Therefore, the aim of our prospective study was to assess in 160 patients who had undergone curative surgical resection for primary CRC the possible association between any or specific p53 mutations, DNA-ploidy, SPF, and the clinicopathological variables, and, furthermore, to evaluate the prognostic significance of the biomolecular variables themselves.
Materials and Methods
A prospective study was performed on paired tumor and normal colon tissue samples from a consecutive series of 160 patients undergoing resective surgery for primary operable CRC at a single institution (Department of Oncology, University of Palermo, Palermo, Italy) from January 1988 to December 1992.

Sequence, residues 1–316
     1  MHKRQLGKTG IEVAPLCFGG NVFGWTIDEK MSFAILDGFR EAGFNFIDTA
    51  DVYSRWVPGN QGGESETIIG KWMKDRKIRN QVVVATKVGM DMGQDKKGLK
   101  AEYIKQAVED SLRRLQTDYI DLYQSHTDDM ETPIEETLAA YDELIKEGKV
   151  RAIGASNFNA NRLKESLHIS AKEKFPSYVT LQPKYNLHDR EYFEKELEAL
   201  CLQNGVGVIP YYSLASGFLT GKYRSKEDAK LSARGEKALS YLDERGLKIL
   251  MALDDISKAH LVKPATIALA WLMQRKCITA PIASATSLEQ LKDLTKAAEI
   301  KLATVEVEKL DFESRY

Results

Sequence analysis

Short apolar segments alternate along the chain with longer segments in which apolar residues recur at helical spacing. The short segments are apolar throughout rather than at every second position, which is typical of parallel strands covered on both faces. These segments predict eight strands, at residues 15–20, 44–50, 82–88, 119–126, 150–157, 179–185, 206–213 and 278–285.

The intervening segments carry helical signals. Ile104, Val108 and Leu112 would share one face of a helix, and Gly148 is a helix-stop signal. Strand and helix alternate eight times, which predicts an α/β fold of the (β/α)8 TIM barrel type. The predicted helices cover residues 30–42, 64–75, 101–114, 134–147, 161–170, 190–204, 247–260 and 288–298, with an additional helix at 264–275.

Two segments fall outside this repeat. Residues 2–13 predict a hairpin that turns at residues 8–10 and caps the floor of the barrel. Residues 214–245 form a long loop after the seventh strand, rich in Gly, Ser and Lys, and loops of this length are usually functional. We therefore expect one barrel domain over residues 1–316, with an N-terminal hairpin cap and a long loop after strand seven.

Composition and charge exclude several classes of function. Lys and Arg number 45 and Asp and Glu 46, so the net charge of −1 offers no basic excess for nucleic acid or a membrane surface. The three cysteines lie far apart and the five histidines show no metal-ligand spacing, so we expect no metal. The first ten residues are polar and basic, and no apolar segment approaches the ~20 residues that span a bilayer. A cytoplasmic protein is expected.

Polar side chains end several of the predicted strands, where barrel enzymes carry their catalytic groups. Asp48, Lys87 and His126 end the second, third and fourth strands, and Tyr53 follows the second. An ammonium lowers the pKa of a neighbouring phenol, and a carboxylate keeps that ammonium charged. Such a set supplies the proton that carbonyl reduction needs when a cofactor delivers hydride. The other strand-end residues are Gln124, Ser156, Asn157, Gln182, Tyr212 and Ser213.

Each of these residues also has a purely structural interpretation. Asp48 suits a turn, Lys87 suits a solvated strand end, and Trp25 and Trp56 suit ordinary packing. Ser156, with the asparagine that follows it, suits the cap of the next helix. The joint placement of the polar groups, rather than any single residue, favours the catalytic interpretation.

Elegibility criteria used were: (a) electively resected primary CRC; (b) processing of fresh paired normal mucosa-tumor samples within 30 min after tumor removal; (c) available DNA from normal and tumor tissue for biomolecular analyses; and (d) access to accurate follow-up information. Briefly, the following exclusion criteria were used: (a) history of previous neoplasias; (b) patients from families with familial adenomatous polyposis or hereditary nonpolyposis CRC with a highly penetrant genetic predisposition to CRC; (c) synchronous or metachronous CRC; and (d) chemotherapy or radiation therapy before surgery. A resection of the primary CRC was performed in all of the cases. A total of 137 patients was potentially cured by radical surgical tumor resection with regional en bloc lymphadenectomy proximally up to the origin of the vascular trunks. Twenty-three patients had either nonradical surgery or distant metastases. To avoid evaluator variability in the patients, all of the resection specimens and microscopic slides were meticulously examined by two independent pathologists (R. M. T. and M. M.), who were not aware of the original diagnosis and of the results of the molecular analyses. The complete excision of the primary tumor was proven by the histopathological examination on 3–5 consecutive 4 μm-thick sections of the proximal and distal resected margins, respectively. All of the tumors were histologically confirmed to be CRCs. In addition, the pathologists assessed tumor site (proximal or distal tumors), tumor size, pathological stage, tumor grade (histological differentiation), presence or absence of lymph node metastases, tumor growth (expansive or infiltrative), tumor type (adenocarcinoma NOS or mucinous), presence or absence of vascular and lymphatic invasion or tumor lymphocytic infiltrate. According to Turnbull’s modification of Dukes’ system (16) the tumors were staged from A to D. Mucinous carcinomas were defined by the presence of mucin in >50% of the tumoral area as determined from the available histological sections. Finally, metastatic cases were identified by clinical and histopathological analyses of neoplastic cells in organs such as the lymph nodes, the liver, and so on, along with the primary tumor. Patients with Dukes’ stage A and B CRC were treated with surgery alone, whereas only 10 patients with Dukes’ stage C received adjuvant chemotherapy with 5-fluorouracil, leucovorin, and levamisole, because in the pre-1991 period almost none of the patients received adjuvant treatment. Patients with nonradical surgery and/or distant metastases were treated by 5-fluorouracil and leucovorin. Postoperatively, all of the patients were checked at 3-monthly intervals for the first 2 years, at 6-monthly intervals for the next 2 years, and annually thereafter. The follow-up program included a clinical examination, blood tests (including carcinoembryonic antigen assay), annual chest radiography, and endoscopy. Abdominopelvic computed tomography scan was also performed each year for the first 2 years. Disease relapse (local recurrence or distant metastases) was confirmed histologically where possible. Written informed consent was obtained from all of the patients included in this study. Information on survival (DFS and OS) was obtained directly from clinical charts and through the Oncology Section at our Institution. Clinicopathological and follow-up data of all of the patients have been recorded prospectively in a computerized registry database (Table 1).